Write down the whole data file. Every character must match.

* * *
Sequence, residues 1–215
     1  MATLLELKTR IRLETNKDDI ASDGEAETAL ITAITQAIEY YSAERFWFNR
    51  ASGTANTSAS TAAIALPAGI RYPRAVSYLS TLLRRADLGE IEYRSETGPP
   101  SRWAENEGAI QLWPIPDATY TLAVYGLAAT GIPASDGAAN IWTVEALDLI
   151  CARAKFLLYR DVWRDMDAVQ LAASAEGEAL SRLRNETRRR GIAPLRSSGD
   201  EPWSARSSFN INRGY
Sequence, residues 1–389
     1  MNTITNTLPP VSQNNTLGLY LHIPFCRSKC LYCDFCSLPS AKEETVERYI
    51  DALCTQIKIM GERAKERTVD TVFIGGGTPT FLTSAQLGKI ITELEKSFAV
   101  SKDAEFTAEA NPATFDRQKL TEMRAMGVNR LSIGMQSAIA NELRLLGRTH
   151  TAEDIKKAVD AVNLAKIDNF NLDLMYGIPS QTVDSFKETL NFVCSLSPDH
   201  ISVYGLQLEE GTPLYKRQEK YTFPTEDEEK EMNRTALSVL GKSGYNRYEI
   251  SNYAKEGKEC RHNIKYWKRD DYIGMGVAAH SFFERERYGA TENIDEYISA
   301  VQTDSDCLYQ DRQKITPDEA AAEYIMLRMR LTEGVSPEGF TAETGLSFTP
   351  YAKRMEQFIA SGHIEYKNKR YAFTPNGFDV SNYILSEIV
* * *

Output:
Sequence, residues 1–215
     1  MATLLELKTR IRLETNKDDI ASDGEAETAL ITAITQAIEY YSAERFWFNR
    51  ASGTANTSAS TAAIALPAGI RYPRAVSYLS TLLRRADLGE IEYRSETGPP
   101  SRWAENEGAI QLWPIPDATY TLAVYGLAAT GIPASDGAAN IWTVEALDLI
   151  CARAKFLLYR DVWRDMDAVQ LAASAEGEAL SRLRNETRRR GIAPLRSSGD
   201  EPWSARSSFN INRGY
Sequence, residues 1–389
     1  MNTITNTLPP VSQNNTLGLY LHIPFCRSKC LYCDFCSLPS AKEETVERYI
    51  DALCTQIKIM GERAKERTVD TVFIGGGTPT FLTSAQLGKI ITELEKSFAV
   101  SKDAEFTAEA NPATFDRQKL TEMRAMGVNR LSIGMQSAIA NELRLLGRTH
   151  TAEDIKKAVD AVNLAKIDNF NLDLMYGIPS QTVDSFKETL NFVCSLSPDH
   201  ISVYGLQLEE GTPLYKRQEK YTFPTEDEEK EMNRTALSVL GKSGYNRYEI
   251  SNYAKEGKEC RHNIKYWKRD DYIGMGVAAH SFFERERYGA TENIDEYISA
   301  VQTDSDCLYQ DRQKITPDEA AAEYIMLRMR LTEGVSPEGF TAETGLSFTP
   351  YAKRMEQFIA SGHIEYKNKR YAFTPNGFDV SNYILSEIV